This One Picture Will Make You Realize How Big The Universe Actually Is


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Milky Way Galaxy (Click Image to Download)

We’ve all heard the universe is a very big place, but this image from Alex Grossman really drives that concept home.

The question: How far has humanity’s influence reached?

The very first thing created by humanity that left our tiny planet wasn’t a satellite or space ship, it was the broadcasts from a world obsession with radio. This image shows how far radio broadcasts will have reached in our galaxy, the Milky Way, by the time that technology is 200 years old. Considering we only started broadcasting in 1880, this map actually represents our reach in 2080.

In the vacuum of space radio waves travel at the speed of light, so our entire influence on the universe has now traveled just 135 light years away from Earth (1 “light year” equals the distance light travels in 1 year). That’s right, the tiny blue dot in the image below is how far every single action by humanity has reached. Feel tiny yet?

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How does that compare to our furthest traveling spacecraft? The Voyager 1, which is now traveling almost outside the influence of our Sun, is only about 18 light hours away from the Earth. That’s about 97,000 times smaller than the blue dot in these pictures.

Now for the real kicker.

How many galaxies like our Milky Way are in the entire Universe? No one knows the actual figure because we can’t see to the outside edge (if there is one), but the amount we can see in the observable universe is estimated to be… wait for it…

…more than 170 billion galaxies.

There it is. We are really, really, very, amazingly, incredibly, so, small.
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Milky Way galaxy rendering by Nick Risinger

Source : www.visualnews.com

‘Perfect Storm’ Suffocating Star Formation around a Supermassive Black Hole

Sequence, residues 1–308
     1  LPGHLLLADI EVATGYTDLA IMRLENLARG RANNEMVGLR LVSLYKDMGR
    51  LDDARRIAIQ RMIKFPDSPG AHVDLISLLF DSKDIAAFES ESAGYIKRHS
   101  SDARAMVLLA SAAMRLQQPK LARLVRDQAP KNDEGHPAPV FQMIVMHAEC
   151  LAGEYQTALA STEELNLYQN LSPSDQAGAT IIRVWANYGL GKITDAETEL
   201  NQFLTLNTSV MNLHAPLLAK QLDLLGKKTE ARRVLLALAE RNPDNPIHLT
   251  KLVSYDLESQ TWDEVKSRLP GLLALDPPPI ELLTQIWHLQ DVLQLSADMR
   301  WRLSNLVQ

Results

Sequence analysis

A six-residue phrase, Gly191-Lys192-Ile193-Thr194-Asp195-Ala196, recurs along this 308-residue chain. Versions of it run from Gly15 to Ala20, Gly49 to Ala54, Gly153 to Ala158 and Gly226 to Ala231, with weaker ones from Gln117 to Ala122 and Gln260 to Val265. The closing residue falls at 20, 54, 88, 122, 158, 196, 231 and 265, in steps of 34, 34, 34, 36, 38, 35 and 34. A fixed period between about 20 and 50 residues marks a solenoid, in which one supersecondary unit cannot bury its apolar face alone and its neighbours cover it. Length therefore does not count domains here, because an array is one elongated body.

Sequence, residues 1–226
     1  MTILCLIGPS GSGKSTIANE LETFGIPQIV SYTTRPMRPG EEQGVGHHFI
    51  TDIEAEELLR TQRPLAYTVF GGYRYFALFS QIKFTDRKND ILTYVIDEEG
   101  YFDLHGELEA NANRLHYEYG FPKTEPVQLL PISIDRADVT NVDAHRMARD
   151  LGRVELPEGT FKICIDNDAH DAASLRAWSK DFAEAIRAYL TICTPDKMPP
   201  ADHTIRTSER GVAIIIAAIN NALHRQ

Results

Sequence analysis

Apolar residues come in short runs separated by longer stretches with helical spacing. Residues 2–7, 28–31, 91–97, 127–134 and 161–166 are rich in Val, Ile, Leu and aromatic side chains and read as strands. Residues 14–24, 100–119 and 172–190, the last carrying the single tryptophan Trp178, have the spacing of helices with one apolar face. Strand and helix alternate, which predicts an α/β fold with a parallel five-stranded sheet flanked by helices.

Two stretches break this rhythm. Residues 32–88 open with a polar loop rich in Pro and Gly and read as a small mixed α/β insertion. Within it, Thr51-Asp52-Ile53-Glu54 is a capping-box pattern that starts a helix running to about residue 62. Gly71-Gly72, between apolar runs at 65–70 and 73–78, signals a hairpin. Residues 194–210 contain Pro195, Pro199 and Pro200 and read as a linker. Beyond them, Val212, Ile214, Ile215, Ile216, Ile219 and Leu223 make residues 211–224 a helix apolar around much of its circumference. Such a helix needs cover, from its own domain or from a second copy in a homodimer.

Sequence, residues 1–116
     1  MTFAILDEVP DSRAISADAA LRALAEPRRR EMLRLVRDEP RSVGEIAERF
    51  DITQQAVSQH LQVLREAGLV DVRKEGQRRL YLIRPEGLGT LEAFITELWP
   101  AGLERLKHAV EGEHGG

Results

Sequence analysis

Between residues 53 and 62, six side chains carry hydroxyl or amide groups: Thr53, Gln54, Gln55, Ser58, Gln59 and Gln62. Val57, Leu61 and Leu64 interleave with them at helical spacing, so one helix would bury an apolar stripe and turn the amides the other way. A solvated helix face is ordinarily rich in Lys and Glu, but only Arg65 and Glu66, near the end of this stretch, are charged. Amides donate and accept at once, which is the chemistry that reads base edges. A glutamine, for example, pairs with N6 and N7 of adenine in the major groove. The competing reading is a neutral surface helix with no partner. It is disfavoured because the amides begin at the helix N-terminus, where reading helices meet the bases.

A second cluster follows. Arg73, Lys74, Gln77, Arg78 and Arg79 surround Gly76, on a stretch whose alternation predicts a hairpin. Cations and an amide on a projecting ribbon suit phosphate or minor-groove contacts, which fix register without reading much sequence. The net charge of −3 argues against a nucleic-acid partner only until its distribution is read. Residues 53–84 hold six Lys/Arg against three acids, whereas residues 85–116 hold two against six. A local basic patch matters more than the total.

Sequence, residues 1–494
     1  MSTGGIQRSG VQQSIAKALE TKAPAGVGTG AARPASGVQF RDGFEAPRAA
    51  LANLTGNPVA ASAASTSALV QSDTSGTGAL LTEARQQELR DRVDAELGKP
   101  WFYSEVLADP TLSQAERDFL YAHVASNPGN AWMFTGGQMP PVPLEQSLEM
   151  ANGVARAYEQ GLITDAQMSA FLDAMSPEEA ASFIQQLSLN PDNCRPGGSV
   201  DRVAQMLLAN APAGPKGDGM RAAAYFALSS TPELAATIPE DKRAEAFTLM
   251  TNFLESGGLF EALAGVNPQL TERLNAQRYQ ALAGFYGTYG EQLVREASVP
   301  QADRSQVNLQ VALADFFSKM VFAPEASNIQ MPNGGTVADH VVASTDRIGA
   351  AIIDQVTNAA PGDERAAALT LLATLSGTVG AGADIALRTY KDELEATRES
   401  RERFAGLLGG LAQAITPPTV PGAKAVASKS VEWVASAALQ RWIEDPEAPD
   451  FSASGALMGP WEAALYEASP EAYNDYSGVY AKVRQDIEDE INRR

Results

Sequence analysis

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High-energy jets powered by supermassive black holes can blast away a galaxy’s star-forming fuel — resulting in so-called “red and dead” galaxies: those brimming with ancient red stars yet little or no hydrogen gas available to create new ones.

Now astronomers using the Atacama Large Millimeter/submillimeter Array (ALMA) have discovered that black holes don’t have to be nearly so powerful to shut down star formation. By observing the dust and gas at the center NGC 1266, a nearby lenticular galaxy with a relatively modest central black hole, the astronomers have detected a “perfect storm” of turbulence that is squelching star formation in a region that would otherwise be an ideal star factory.

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Fig 1. Artist impression of the central region of NGC 1266. The jets from the central black hole are creating turbulence in the surrounding molecular gas, suppressing star formation in an otherwise ideal environment to form new stars. Credit: B. Saxton (NRAO/AUI/NSF)

This turbulence is stirred up by jets from the galaxy’s central black hole slamming into an incredibly dense envelope of gas. This dense region, which may be the result of a recent merger with another smaller galaxy, blocks nearly 98 percent of material propelled by the jets from escaping the galactic center.

“Like an unstoppable force meeting an immovable object, the molecules in these jets meet so much resistance when they hit the surrounding dense gas that they are almost completely stopped in their tracks,” said Katherine Alatalo, an astronomer with the California Institute of Technology in Pasadena and lead author on a paper published in the Astrophysical Journal. This energetic collision produces powerful turbulence in the surrounding gas, disrupting the first critical stage of star formation. “So what we see is the most intense suppression of star formation ever observed,” noted Alatalo.

Previous observations of NGC 1266 revealed a broad outflow of gas from the galactic center traveling up to 400 kilometers per second. Alatalo and her colleagues estimate that this outflow is as forceful as the simultaneous supernova explosion of 10,000 stars. The jets, though powerful enough to stir the gas, are not powerful enough to give it the velocity it needs to escape from the system.

Continue reading ‘Perfect Storm’ Suffocating Star Formation around a Supermassive Black Hole

Isro gets closer to manned mission, tests crew module


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ISRO’s GSLV Mark III (Click Image to Download)

This rocket didn’t put a satellite in orbit. In fact, its payload plunged into the Bay of Bengal 20 minutes after the vehicle lifted off from Sriharikota. And that made it a success, for it was the first step to India’s manned space mission.

Indian Space Research Organisation (ISRO) achieved success of a different kind on Thursday when its GSLV Mark III on a suborbital experimental flight carried an unmanned crew module which was ejected at a height of 126km. Re-entering the atmosphere, its parachutes ensured a soft-thud on the sea. Recovered by the Indian Coast Guard, the Crew Module Atmospheric Re-entry Experiment (CARE) will undergo tests to ascertain its efficiency in bringing back future astronauts from India.